Five adults left a wedding reception in rural Wisconsin very late one night in 1983. Stoned, drunk or sleepy, none of them were in any shape for driving. Their car struck and killed a child and her death stayed with them for years. In Carry the One, Carol Anshaw explores the connections between human beings: siblings, parents, married couples, lovers and offspring, as well as fellow participants in a tragic event.
Alice, sister of the bride (Carmen), and Maude, sister of the groom (Matt), discovered a passion for each other on the night of the wedding. “All through the night Alice had tried to break down the elements of Maude, then add her up, but she kept getting lost in the higher math, the exponential blur.”
Later, arithmetic comes up again when Alice speaks of the connection between all of them who were in the car that night: “Because of the accident, we’re not just separate numbers. When you add us up, you always have to carry the one.”
“In a deep recess, an inchoate space where thoughts tumble around, smoky and unformed, Alice’s biggest fear was that she and Maude and the accident were tied in an elaborate knot — that her true punishment for what happened that night would be God, or the gods, or the cosmos giving her Maude, then taking her away.”
The strong bond between Alice and her sister, Carmen is wonderfully portrayed, as is the way they cope with Nick, their junkie of a brother.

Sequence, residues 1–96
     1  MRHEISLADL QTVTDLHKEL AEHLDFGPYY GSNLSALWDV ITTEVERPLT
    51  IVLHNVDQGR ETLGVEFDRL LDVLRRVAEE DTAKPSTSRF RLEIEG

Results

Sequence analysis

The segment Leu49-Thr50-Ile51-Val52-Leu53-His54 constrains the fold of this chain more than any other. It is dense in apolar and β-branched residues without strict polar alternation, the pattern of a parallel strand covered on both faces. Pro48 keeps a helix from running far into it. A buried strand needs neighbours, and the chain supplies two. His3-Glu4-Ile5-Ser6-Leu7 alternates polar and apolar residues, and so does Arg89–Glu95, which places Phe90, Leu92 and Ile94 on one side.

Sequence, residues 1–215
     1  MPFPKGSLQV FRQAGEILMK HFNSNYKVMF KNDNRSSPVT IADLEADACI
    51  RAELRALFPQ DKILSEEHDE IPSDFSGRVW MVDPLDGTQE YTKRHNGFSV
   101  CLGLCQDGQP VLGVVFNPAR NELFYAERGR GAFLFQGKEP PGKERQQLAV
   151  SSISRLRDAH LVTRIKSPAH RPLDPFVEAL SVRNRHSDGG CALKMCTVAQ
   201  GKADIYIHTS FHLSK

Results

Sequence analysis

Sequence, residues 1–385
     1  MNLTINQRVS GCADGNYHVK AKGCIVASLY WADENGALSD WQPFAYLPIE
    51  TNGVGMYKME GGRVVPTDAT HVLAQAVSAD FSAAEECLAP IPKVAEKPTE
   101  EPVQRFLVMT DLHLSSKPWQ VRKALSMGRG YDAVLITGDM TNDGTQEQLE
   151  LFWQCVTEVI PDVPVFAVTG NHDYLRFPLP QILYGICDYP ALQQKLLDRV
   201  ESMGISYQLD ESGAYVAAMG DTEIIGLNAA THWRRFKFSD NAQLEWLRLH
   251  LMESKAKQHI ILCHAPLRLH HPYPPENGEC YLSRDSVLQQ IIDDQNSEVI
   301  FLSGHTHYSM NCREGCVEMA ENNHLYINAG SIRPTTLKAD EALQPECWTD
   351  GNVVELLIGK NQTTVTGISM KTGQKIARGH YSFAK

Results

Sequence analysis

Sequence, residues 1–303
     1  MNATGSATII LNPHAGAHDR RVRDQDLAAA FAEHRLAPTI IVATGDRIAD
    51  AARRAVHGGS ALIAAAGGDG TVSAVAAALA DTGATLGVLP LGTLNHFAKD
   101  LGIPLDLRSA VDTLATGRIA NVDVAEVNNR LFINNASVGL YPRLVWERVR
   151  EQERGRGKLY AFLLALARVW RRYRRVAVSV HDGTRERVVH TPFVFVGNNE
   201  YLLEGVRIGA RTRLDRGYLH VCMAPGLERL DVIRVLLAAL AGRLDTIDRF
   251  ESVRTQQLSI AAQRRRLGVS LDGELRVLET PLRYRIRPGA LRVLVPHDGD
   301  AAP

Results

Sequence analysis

“Their alliance was deep, formed in the trenches of childhood where they were each other’s landsmen, comrades in strategy and survival, in warding off the contempt of their parents, and in protecting their brother. These positions had been set up early and were not subject to realignment. So Alice and Carmen always approached each other carefully, with respect — minor diplomats, one from an arctic, the other from an equatorial nation, attempting to understand each other’s customs, participate in each other’s holidays.”
Twenty-five years pass over the course of the story. It’s like a trip down memory lane. For example, Nick wore a thrift shop wedding dress to Carmen’s wedding. (His sisters called him “the backup bride.”) I used to share a house in the early 80s with three other dykes and two gay men, one of whom (David) liked to wear a wedding dress that he found at a charity shop. Our friend k.d. lang later wore that very same dress to collect a Juno award for Most Promising Female Vocalist. But I digress.
I also love that Carmen and Alice are both big readers. At one point, Carmen drops in to find Alice reading stacks of cheesy dyke novels from the forties and fifties:
“The covers had a sinister tone, usually represented by a woman in a black or red slip. ‘They’re all great,’ she told Carmen. ‘They’re like Greek tragedies. Everyone gets horribly punished in the end. Or they hang themselves with a belt over the steam pipe.’
‘But weren’t these somebody’s real, tortured life once?’ Carmen said.
‘Well, sure, but now they’re more like folktales. Hardships of our ancestors. Like Lincoln walking ten miles to school every day through the snow. That sort of thing, only in bars.'”
Nick’s girlfriend, Olivia, was the one driving when they left the wedding. She was negligent in many things, including her job as a letter carrier. On the night of the accident, her trunk was full of undelivered mail. I was a postal worker from 1983 to 1989, so that is another reason that Anshaw hooked me from the start.
Beautiful language, great characters and a moving plot; it all adds up to a superb book.